May 21, 2006
Stillsuit for a nation
The eucalyptus tree in front of our house would appear to be dead.
It’s not a small tree. It reaches to at least twice the height of our
two-storey townhouse, and it’s certainly one of the taller trees in
the block. Its branches, not the usual feeble eucalyptus efforts,
spread wide and variously play host to crows, cockatoos, noisy miners
and kookaburras. The kookaburras are especially fond of it at about
2am, when they are wont to have noisy domestic squabbles that
preclude sleep for those of us who don’t have wings.
I take the precipitate departure of our tree to be the sign that the
drought continues apace. As little as a month ago those spreading
branches were completely fleshed out with green leaves. Last week I
looked up and they were all brown. The poor thing is going to look
pretty shabby once they all drop off, but unless we get some serious
ground-soaking rain soon that will be the least of its
worries. Presumably this means that the current shortage of said
bountiful precipitation is unusual even in the lifetime of a 20-metre
Not that it hasn’t rained in the last week, of course, in
fact it’s rained several times. But this rain doesn’t stick; two
hours later, washing left out in it is dry again. Not only our stately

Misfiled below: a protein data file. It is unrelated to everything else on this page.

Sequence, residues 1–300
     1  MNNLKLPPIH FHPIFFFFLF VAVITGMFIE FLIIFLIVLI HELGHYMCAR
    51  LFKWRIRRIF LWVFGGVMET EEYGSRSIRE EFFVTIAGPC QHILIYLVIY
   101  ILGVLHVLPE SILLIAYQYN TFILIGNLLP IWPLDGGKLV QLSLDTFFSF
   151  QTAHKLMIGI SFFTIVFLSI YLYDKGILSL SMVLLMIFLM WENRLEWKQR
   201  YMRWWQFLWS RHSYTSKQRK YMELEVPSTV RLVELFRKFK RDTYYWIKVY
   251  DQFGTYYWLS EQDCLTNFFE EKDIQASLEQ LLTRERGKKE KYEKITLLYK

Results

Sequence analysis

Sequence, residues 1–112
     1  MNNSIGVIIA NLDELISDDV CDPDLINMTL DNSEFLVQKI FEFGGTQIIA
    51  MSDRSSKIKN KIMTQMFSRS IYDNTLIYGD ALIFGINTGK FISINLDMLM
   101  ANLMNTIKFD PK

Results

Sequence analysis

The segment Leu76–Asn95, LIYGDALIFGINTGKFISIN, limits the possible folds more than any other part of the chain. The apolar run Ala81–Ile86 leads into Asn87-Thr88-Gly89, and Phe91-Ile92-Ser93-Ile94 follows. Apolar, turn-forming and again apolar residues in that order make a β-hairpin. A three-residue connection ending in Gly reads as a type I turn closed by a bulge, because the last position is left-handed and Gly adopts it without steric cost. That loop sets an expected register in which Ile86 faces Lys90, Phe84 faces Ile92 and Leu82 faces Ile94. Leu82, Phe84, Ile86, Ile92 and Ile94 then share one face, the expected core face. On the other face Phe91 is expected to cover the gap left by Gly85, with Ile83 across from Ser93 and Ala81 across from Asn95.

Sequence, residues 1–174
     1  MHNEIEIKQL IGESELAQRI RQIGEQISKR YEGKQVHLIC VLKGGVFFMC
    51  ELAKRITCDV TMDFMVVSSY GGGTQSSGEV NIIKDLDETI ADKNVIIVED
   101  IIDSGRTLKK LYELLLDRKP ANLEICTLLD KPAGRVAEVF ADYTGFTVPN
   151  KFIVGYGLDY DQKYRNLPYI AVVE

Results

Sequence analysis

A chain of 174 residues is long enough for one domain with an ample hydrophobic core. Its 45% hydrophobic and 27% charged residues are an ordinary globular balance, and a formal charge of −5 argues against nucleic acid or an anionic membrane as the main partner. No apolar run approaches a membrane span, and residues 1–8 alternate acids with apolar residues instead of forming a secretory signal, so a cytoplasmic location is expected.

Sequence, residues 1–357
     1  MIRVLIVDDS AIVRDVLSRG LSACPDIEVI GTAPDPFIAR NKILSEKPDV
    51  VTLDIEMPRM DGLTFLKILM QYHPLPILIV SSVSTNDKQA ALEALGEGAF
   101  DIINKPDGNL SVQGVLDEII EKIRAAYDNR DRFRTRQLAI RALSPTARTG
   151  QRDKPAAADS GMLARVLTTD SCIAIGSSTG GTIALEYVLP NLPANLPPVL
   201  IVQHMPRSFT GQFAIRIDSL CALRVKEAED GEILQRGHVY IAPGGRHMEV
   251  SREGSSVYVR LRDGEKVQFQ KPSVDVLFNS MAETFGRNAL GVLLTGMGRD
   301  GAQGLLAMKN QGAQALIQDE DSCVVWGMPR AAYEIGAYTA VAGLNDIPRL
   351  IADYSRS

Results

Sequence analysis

eucalypt but the hardy kikuyu lawn at the university are showing the
symptoms of a long-lasting imbalance between the water they need and
the water they’re actually getting. Water levels in the Sydney dams
are at the 40-ish percent mark and dropping steadily.
Things do not look like getting better any time soon. Any sane person,
indeed any sane regional body, confronted with such a situation, would
take steps to reduce their reliance on rain as a source of water for
minor but important facets of civilisation like drinking and
washing. You might think, for instance, that instead of pouring
enormous quantities of somewhat dirty fresh water out to sea every day
via the business end of water treatment plants, that perhaps you could
recycle some of it. Perhaps even go so far as to make it fit to
drink, as is done in many major cities around the world.
Fat chance. Recycled water here in Oz is at the receiving end of what
I can only call a propaganda war. Let’s insist on all calling it
“recycled sewage”, for a start. That’ll really sell it to the
public. Almost everyone who ever mentions recycled water in the media
talks about recycled sewage. Anyone would think that rainwater was
created in a blaze of celestial light just above the cloud layer and
never made contact with anything less pure than the wings of angels
before coming out the tap. I have drunk the tapwater in Adelaide, and I
swear you could taste the urine of at least five different species of
river fish in it. Recycled water could not possibly be any worse!
Instead, desalination plants are held up as the great white hope for
supplying drinking water. Desalination, the molecular equivalent of
pushing water uphill with a pointy stick. A more involved,
energy-intensive and ecologically damaging version of the same
technology used to clean up waster water and make it fit to drink. I
wonder who’s getting rich of that idea, then? Someone, no doubt, who
is friends with someone else who’s conveniently forgotten where Sydney
used to put its untreated sewage until fairly recently.
I took some photos of our tree today, I’ll post them up once they’re
developed and I get a chance to scan them.